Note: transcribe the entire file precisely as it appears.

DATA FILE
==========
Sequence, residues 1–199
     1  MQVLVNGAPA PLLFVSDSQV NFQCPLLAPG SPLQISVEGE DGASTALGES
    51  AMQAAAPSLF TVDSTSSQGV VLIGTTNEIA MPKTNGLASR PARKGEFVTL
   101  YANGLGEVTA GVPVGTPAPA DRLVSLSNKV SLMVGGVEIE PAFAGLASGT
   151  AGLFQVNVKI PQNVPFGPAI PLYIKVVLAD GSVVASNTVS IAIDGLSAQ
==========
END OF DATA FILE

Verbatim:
Sequence, residues 1–199
     1  MQVLVNGAPA PLLFVSDSQV NFQCPLLAPG SPLQISVEGE DGASTALGES
    51  AMQAAAPSLF TVDSTSSQGV VLIGTTNEIA MPKTNGLASR PARKGEFVTL
   101  YANGLGEVTA GVPVGTPAPA DRLVSLSNKV SLMVGGVEIE PAFAGLASGT
   151  AGLFQVNVKI PQNVPFGPAI PLYIKVVLAD GSVVASNTVS IAIDGLSAQ